The test was carried out as the ferry left Helsinki’s market square, Kauppatori, and was operated remotely from a control centre in the city. Fully crewed, but with no passengers on board, the successful trial involved navigating the vessel through a pre-defined area of Helsinki harbour.
At about the same time, Rolls-Royce Marine in collaboration with state-owned Finferries, demonstrated a fully autonomous voyage completed successfully by the 54-metre double-ended car ferry, Falco, between Parainen and Nauvo in Finland. During the ship’s passage, guests and journalists on board were invited to see sensors and cameras enhancing the situational awareness of the crew.
Unlike some of the other pilot tests to date, the vessel used sensor fusion and artificial intelligence to avoid potential collision hazards en route and manage the automated docking of the ferry, all without human intervention. At the time, the company’s ship autonomy expert, Oskar Levander, said that new guidelines from the IMO on autonomous operation were now needed as a matter of urgency. This is a sentiment fully supported by Haikkola.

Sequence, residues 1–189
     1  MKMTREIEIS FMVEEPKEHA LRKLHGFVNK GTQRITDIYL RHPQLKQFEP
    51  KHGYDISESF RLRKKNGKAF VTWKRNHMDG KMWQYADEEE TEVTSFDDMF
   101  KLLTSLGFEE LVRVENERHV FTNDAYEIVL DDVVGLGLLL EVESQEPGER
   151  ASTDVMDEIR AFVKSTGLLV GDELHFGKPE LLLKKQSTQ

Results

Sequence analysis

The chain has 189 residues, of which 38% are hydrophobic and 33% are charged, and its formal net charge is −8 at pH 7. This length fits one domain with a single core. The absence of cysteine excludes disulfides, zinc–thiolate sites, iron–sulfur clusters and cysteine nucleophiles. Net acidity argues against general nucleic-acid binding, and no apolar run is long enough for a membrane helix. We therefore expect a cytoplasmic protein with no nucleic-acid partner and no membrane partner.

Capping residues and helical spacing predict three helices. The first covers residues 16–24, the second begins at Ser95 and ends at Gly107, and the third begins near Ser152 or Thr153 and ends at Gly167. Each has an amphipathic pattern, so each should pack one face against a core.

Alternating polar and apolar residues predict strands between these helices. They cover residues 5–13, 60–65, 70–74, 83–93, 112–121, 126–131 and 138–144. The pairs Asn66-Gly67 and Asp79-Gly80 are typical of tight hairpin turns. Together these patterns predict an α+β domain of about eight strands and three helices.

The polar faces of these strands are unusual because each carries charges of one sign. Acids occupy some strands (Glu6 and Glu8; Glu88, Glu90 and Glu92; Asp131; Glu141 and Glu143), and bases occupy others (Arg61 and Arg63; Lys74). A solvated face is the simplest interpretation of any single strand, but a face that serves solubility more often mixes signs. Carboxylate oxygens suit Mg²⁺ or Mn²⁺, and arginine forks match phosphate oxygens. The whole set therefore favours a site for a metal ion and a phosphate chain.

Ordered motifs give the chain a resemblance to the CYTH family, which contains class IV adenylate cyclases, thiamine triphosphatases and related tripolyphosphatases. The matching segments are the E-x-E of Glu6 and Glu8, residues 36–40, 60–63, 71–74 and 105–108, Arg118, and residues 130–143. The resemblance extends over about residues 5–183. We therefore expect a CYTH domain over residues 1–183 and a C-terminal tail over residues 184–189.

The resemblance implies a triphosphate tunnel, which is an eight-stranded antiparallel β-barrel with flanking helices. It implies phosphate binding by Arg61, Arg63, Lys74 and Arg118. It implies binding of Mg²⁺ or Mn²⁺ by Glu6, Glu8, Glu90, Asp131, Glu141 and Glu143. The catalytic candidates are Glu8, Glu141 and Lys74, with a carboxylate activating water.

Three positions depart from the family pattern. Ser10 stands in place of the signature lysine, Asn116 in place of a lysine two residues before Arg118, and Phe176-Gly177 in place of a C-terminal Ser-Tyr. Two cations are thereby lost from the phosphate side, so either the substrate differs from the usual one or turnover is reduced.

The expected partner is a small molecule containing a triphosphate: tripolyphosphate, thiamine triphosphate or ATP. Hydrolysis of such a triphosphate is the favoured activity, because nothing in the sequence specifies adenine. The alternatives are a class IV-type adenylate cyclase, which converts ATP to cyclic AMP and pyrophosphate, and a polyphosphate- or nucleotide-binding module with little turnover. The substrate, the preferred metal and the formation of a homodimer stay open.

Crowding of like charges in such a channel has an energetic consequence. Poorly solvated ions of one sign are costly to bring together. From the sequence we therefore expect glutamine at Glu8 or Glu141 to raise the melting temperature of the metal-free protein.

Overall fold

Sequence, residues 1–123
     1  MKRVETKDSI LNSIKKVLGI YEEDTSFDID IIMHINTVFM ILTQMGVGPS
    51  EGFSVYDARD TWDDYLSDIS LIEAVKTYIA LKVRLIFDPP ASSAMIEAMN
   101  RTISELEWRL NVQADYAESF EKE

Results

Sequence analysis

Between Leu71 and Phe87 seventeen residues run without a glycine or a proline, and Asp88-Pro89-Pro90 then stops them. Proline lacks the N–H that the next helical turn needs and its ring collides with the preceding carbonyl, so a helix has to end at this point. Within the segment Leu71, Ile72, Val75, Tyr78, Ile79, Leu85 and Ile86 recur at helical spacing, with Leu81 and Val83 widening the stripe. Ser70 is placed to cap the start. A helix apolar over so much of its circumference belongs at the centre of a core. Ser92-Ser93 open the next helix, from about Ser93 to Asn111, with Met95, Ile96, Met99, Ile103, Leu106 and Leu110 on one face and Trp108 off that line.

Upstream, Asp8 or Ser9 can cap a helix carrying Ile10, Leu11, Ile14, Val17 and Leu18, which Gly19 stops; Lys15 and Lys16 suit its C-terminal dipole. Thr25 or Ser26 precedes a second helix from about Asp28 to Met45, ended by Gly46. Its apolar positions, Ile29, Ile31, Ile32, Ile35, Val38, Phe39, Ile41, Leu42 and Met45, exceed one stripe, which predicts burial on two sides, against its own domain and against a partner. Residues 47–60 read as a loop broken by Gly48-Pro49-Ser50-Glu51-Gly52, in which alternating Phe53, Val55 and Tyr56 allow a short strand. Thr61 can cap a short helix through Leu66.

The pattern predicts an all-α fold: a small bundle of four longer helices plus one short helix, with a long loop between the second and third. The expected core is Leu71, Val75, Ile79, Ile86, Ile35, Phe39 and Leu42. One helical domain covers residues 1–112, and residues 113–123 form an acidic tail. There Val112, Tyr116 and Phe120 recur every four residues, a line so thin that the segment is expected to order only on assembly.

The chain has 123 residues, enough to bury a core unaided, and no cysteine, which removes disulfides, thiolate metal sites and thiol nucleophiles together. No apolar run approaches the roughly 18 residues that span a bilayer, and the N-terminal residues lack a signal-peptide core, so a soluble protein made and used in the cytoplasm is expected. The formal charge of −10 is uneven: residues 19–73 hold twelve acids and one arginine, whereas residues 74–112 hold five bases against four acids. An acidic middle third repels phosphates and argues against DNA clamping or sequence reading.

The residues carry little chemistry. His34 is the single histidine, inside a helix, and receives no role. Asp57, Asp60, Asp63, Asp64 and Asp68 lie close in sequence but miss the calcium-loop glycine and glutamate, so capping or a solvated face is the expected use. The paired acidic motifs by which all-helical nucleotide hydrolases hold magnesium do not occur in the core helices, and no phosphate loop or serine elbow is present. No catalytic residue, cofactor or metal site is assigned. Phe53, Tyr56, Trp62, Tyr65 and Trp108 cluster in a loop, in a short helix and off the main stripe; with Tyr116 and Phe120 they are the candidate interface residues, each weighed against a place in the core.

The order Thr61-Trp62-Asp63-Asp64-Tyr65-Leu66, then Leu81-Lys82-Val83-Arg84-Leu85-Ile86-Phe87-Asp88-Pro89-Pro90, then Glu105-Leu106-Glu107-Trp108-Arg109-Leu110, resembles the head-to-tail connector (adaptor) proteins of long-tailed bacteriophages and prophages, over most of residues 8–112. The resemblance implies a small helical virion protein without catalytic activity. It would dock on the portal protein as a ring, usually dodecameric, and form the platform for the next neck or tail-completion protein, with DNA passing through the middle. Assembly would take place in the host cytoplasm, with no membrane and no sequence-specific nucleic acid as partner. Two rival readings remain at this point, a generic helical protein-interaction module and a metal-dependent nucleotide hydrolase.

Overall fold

“There are different levels of ship autonomy, a term that covers a range of systems which people see differently,” she says. “Unmanned, autonomous and remote control are all different concepts that need to be defined and agreed. Unless we are all talking about the same thing, our discussions with other stakeholders will be erratic. We must be clear to prevent misunderstandings.”
Autonomous and related operations, which Haikkola refers to include automated systems to support shipboard operations; autonomous ship operation supported by seagoing personnel (manned autonomous); remote control of assets from other locations; and fully autonomous operations on short defined voyages such as cargo transport between two set points, rather like a pipeline, or ferry trips across a fjord.